The numerical two-layer model is a composite of two models consisting of 1) a hydrostatic “generation model,” which describes the dynamics of the water masses in the region close to the strait’s sill, where internal bores are generated, and 2) a weakly nonhydrostatic “propagation model,” which describes the dynamics of the water masses outside of the sill region where internal bores may disintegrate into internal solitary waves. Due to a technique for movable lateral boundaries, the generation model is capable of simulating the dynamics of a lower layer that may intersect the bottom topography. The proposed generation–propagation model depends on one space variable only, but it retains several features of a fully three-dimensional model by including a realistic channel depth and a realistic channel width. It is driven by semidiurnal tidal oscillations of the sea level at the two open boundaries of the model domain.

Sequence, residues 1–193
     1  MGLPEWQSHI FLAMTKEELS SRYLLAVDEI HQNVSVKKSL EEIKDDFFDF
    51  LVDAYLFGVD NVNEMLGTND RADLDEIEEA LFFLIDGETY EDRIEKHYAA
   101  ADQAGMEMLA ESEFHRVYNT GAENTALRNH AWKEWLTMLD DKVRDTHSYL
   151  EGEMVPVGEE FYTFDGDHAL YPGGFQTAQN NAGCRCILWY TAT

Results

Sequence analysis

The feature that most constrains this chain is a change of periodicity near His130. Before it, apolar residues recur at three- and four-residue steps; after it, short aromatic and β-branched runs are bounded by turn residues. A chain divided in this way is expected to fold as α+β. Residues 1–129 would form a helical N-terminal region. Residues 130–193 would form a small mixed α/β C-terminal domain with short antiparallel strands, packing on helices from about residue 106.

Numerical simulations elucidate several observed characteristics of the internal wave field in the Strait of Messina, such as north–south asymmetry, times of release of the internal bores from the strait’s sill, propagation speeds, and spatial separations between the first two solitary waves of internal wave trains.

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Werner Alpers
,
Jen-Ping Chen
,
Chia-Jung Pi
, and
I-I. Lin

Abstract